Now that social media sites have your attention, they’d like to have your trust. Today LinkedIn filed a patent for a fact-checking system, in yet another sign that people are simply fed up with the internet’s lies. And social media platforms are trying to do something about it.
The patent, acquired from an inventor outside of LinkedIn, is described as a fact-checking system that compares information with one or more sources. The user is also able to interact with the information and get more context if they need it. Pretty straightforward stuff.
The twist? It’s not just for verifying information from the consumer’s side — something that Facebook has experimented with by adding “satire” tags to articles from places like The Onion. The patent also seems to cover the accuracy of what the producer is inputting into the system as well. Think of it like an automated spell-checker, but for facts.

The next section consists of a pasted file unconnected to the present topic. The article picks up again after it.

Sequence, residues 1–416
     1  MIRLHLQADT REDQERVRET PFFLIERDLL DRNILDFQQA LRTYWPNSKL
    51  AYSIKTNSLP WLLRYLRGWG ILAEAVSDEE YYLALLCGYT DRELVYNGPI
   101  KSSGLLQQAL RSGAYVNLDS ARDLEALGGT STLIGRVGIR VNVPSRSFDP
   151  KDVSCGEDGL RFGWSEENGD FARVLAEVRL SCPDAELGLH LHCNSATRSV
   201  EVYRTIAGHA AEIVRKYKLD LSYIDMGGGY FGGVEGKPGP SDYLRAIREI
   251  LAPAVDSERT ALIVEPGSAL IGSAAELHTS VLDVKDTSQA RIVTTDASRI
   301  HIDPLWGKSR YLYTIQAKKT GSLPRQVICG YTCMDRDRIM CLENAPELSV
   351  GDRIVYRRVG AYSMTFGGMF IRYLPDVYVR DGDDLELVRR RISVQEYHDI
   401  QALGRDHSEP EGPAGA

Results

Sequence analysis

About to pass off some stupid lie? (The patent gives the example of a user typing “Texas is the biggest state.”) LinkedIn’s newly acquired truth-monitoring system might one day stop you in your tracks. The system could warn you that Texas isn’t the biggest state, and suggest Alaska. (Again, that’s what the patent says, but how do you define biggest? What if someone’s talking about population?)
Obviously, even if LinkedIn one day implements this system, it won’t be perfect. But it’s good to see that more social media companies are paying attention to ways that they might improve the quality of the content on their sites. Now we just need Twitter to get on board.
[H/T Startup Legal]
Image: 2013 file photo of LinkedIn’s headquarters via AP
This post originally appeared on Factually, a Gizmodo blog for setting the record straight